243. National Security Decision Memorandum 1581


  • The Secretary of State
  • The Secretary of Defense
  • The Director, Arms Control and Disarmament Agency
  • The Director of Central Intelligence


  • Instructions for the Strategic Arms Limitation Talks at Helsinki (SALT VII)

After considering the discussions and recommendations of the National Security Council, I have decided on the United States position for presentation at Helsinki (SALT VII).

Offensive Limitations

The Delegation should initially concentrate its efforts on reaching an agreement on offensive limitations. The Delegation must make it clear that our final decision on ABMs will be heavily influenced by the scope of the Interim Agreement.
Accordingly, the Delegation will continue to press for the inclusion of limits on SLBM launchers in the Interim Agreement. The Delegation should propose, at the outset, that the SLBM freeze date start on the date of signature of the Interim Agreement (rather than July 31, 1971).
At a time he deems appropriate, the Chairman of the Delegation should propose that the ICBM launcher construction freeze also start on the date of the signature of the Interim Agreement. In this connection, the proposal that MLBM launchers be limited to those externally completed by December 31, 1971, should be withdrawn.
It is important that the two countries agree, either in the Interim Agreement or in an interpretive statement, that launchers for older, heavy ICBMs (Titans, SS–7s, SS–8s) cannot be converted to accept Modern Large Ballistic Missiles (MLBMs). Regarding other limits on the conversion of launchers to accept MLBMs, the Delegation should propose (a) moving the depth-and-diameter constraint to an agreed interpretive statement, and (b) redefining heavy strategic ballistic missiles as those of a size greater than the SS–11. Subsequently, the Chairman [Page 739] of the Delegation may, if he deems it necessary, drop the proposal for agreement on the depth-and-diameter constraint through an agreed interpretive statement and introduce a unilateral statement that the U.S. would consider changes in silo depth or diameter as indicators of possible non-compliance with the MLBM limitation.
The Delegation should continue efforts to get limitations on land-mobile ICBM launchers and soft-pad ICBM launchers included in the Interim Agreement. In either or both cases, the Chairman of the Delegation may, at his discretion, propose agreed interpretive statements on such limitations in place of specific provisions in the Interim Agreement.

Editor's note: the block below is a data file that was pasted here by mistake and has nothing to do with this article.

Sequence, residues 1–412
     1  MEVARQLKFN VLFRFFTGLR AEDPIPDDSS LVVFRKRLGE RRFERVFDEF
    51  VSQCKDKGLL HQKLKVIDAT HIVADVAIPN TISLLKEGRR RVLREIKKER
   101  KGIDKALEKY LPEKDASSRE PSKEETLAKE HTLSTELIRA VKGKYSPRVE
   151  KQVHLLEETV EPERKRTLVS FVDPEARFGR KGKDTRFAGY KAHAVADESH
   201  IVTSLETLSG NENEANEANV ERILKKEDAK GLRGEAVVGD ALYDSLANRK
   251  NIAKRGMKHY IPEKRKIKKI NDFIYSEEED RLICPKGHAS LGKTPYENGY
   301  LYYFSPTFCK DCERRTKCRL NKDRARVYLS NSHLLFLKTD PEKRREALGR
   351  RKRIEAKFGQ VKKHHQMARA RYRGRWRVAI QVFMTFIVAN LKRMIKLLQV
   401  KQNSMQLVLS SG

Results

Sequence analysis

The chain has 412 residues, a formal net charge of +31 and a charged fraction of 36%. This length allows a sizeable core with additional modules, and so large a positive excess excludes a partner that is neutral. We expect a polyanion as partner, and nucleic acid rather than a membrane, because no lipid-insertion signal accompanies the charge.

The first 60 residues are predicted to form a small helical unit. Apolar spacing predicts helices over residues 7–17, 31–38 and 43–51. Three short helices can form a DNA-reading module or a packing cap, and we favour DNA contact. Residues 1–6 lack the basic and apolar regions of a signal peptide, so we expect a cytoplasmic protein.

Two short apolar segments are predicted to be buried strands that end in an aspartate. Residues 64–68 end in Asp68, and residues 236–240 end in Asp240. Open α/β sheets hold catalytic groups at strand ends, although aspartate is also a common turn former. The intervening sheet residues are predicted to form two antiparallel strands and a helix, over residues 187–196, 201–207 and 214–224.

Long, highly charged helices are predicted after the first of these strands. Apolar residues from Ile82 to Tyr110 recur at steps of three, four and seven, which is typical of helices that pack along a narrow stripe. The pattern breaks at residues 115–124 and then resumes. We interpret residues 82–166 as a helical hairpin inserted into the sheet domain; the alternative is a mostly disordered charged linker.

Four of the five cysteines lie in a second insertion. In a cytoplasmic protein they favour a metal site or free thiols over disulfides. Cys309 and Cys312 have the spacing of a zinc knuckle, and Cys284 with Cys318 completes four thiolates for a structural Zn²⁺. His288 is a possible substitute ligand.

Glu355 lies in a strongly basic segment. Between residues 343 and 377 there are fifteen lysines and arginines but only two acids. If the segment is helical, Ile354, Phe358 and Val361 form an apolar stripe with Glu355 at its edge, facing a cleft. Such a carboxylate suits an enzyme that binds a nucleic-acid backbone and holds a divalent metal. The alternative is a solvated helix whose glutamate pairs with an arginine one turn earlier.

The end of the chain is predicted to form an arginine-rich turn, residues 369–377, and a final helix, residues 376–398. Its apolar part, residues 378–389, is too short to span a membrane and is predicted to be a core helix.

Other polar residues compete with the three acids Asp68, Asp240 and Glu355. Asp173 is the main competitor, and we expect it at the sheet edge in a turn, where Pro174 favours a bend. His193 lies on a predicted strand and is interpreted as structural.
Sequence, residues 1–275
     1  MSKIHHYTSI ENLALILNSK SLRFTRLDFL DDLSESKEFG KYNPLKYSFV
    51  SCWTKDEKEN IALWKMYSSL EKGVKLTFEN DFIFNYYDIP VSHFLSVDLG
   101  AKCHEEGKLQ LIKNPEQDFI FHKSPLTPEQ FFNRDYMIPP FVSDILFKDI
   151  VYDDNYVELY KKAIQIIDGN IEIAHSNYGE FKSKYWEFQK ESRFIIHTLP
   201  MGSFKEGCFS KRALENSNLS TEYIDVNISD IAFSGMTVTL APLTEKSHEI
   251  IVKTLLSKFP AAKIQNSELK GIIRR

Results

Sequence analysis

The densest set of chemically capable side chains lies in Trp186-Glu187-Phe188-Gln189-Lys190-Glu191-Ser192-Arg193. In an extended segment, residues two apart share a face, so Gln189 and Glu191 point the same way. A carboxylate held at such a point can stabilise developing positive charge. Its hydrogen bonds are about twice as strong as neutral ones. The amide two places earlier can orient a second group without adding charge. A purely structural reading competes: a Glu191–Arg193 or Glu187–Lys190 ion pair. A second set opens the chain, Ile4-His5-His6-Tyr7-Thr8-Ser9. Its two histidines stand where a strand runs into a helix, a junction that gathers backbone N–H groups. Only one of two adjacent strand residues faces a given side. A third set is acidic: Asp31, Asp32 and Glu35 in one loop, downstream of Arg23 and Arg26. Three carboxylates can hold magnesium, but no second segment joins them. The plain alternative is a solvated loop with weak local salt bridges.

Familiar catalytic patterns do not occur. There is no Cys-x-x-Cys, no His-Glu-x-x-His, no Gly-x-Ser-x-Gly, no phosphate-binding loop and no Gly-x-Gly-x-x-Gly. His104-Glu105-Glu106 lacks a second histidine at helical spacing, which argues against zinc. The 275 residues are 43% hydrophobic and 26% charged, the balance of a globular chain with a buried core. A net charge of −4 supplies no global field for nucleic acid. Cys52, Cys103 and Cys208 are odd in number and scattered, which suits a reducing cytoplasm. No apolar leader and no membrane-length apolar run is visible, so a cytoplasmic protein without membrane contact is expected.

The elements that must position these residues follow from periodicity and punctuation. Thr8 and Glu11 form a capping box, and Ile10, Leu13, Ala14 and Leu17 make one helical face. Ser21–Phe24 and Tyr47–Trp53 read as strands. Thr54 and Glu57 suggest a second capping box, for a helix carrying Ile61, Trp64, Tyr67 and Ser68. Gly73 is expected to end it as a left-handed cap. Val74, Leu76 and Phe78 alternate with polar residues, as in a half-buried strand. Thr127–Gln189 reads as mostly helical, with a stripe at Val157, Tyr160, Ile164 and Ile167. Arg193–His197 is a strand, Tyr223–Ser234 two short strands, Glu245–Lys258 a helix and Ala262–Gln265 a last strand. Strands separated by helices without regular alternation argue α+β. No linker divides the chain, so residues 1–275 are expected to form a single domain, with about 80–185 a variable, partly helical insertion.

See Annex A for instructions regarding the general definition of ICBMs and limits on test and training launchers.
The Delegation should strongly reaffirm our position regarding duration and withdrawal. (See paragraph 4, NSDM 145.)2 The period now unspecified in the special withdrawal provision proposed by the U.S. should be five years. After further negotiation, the Delegation may recommend alternative positions for Presidential decision; while the terms for continuing the agreement might vary (e.g., fixed duration with automatic renewal or extension by mutual agreement), the minimum duration of the interim agreement, unless replaced by a more complete follow-on agreement, must be five years.

Defensive Limitations

Our formal position on the number of ABM sites and ABM launchers/interceptors remains unchanged.
The Chairman of the Delegation is directed to explore privately with the Chairman of the Soviet Delegation the proposal that, if the Soviets agree to include SLBM launchers in the Interim Agreement, the U.S. will consider changes in our ABM position. He should suggest that the U.S. would be prepared to negotiate an agreement which would take account of the Soviet interest in ICBM defense. If the Soviets show interest in this proposition and press for a more precise statement, the Chairman of the U.S. Delegation is authorized to reply that the U.S. would accept a two-for-two ABM arrangement with 200 ABM launchers/interceptors. (No more than 100 ABM launchers/interceptors are allowed at any one site.) Each country would have the right to either (a) NCA defense plus defense of one ICBM field, or (b) defense of two ICBM fields. The location of the ICBM fields would be subject to the geographical limitations in our present proposal. Moreover, there would be a right to change the location subject to [Page 740] agreed procedures. (These procedures need not be agreed upon prior to any change in location of a deployment area.)